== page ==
Another made-up, or mis-spelled, word to grab attention. It’s been said many times that we are doomed to repeat the mistakes of the past (i.e. history repeats itself); often used in a national/international context I’ve found it can be true in almost any organisation. In the latter, the repeat cycle can be years or just days. Let me explain…

I’ll start with the “years” approach. I’ve visited hundreds of businesses in my working life, often to carry out assessments on behalf of customers. Looking at NCR records it’s clear that corrective actions are often only short-term. On the long term, I’ve found cases where companies are encountering problems that were fixed 15 years previously. So one has to ask why the fix has broken.

Let me describe what I refer to as the “handover fallacy”. Think of a rota with three eight-hour shifts; I’ll refer to them as A, B and C. A shift encounters a problem in a regular process – something unexpected happened but a fix is found and implemented. In the A to B handover, the problem and fix is discussed; there may be notes that are passed on and highlighted. B continues working the new way and doesn’t encounter the problem. In the B to C handover, the new way is mentioned, along with the fact that there are notes available, but since B didn’t experience the problem requiring the fix, it’s left at that. C realises the new way is creating extra work and looks to improve it; however, without knowing about the problem, an essential part of the fix is undone. It doesn’t create an immediate problem but, before long, it reappears. A “owned” the problem so it was important to handover full details. B didn’t “own” the problem so had no reason to handover more than the actual change. C is not irresponsible in seeking improvement but only has part of the story. This isn’t inevitable and most of the time, the fix stays fixed; and, of course, in a real business, the change will have been fully documented, communicated to all parties and incorporated into toolbox talks and training (well – in theory, perhaps, but that’s not always the practise). But problems do re-occur. In some industries running 24-hour operations (including my own sector, UK North Sea oil & gas exploration) we operate 12-hour shifts. These present fewer opportunities for the short-term memory loss as A hands over to B who then hands over back to A, etc. It’s not perfect but it offers a significant reduction in risk.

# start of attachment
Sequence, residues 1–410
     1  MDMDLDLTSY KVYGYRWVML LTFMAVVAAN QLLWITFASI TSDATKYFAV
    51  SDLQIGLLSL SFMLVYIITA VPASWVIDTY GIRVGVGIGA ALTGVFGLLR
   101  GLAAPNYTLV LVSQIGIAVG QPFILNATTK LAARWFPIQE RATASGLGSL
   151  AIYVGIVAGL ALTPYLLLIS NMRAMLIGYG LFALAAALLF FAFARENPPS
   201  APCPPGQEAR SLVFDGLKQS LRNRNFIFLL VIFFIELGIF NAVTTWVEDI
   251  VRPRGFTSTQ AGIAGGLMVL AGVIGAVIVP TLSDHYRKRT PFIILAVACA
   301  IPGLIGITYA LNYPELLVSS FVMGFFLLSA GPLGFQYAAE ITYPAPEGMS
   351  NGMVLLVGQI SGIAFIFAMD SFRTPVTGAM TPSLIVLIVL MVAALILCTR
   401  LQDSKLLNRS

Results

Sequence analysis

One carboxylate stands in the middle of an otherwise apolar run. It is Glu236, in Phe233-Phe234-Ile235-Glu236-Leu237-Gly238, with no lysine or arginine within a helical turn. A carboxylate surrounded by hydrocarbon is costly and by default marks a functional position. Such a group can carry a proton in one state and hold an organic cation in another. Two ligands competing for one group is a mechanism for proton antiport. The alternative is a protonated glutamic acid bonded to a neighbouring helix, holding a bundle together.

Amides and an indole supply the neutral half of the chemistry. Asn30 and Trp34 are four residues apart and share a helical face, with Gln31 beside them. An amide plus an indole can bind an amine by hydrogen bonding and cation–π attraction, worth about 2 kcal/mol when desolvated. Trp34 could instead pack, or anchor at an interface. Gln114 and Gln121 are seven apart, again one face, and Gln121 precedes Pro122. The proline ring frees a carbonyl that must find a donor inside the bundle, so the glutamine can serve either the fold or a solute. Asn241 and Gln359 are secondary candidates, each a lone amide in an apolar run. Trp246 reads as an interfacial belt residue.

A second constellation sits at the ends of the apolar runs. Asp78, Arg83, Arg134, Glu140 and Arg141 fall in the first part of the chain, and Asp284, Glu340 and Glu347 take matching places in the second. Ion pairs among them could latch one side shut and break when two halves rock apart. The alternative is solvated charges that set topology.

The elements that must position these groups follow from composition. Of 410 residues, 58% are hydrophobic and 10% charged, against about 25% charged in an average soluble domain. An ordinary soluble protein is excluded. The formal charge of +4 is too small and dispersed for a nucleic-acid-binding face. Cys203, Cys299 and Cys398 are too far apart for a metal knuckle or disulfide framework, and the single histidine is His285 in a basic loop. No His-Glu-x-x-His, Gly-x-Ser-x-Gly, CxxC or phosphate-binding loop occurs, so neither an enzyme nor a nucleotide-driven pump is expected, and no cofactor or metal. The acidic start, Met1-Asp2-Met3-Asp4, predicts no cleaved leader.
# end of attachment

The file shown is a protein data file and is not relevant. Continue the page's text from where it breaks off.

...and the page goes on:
In many businesses, the longest individual staff members stay in the same role or team is around five years. Let’s assume that here. If we extrapolate the changes for a full team, we would expect to have a fully third generation team in post after 15 years. Now superimpose our three shift model. The first generation will have made ongoing improvements to their work processes and, when encountering problems, made appropriate changes. Remember, the processes needing change were not totally wrong and were working most of the time – it’s just that we rarely foresee all eventualities; the new process may have extra steps that, to somebody unaware of the problem, are unnecessary (which is probably why they weren’t originally included). The second generation handover and training will include the revised processes and, because the first generation owned the problems, they will have passed over much of the background. The third generation doesn’t get that and risk removing the extra steps that kept things smooth. Consequently, some of the problems encountered and fixed 15 years ago resurface.

It’s not a fixed 15 year period and not all problems will come back, nor does the real world work quite as I’ve described it – just don’t be surprised when it happens. And this isn’t an unknown phenomenon – if you look at Juran’s Breakthrough process you’ll see he points out the need to establish measure to “hold the gains” – or the C for “control” in DMAIC (six-sigma). Changes need to be managed for the long term else we are doomed to repeat the mistakes of the past. Which, perhaps, is inevitable anyway.


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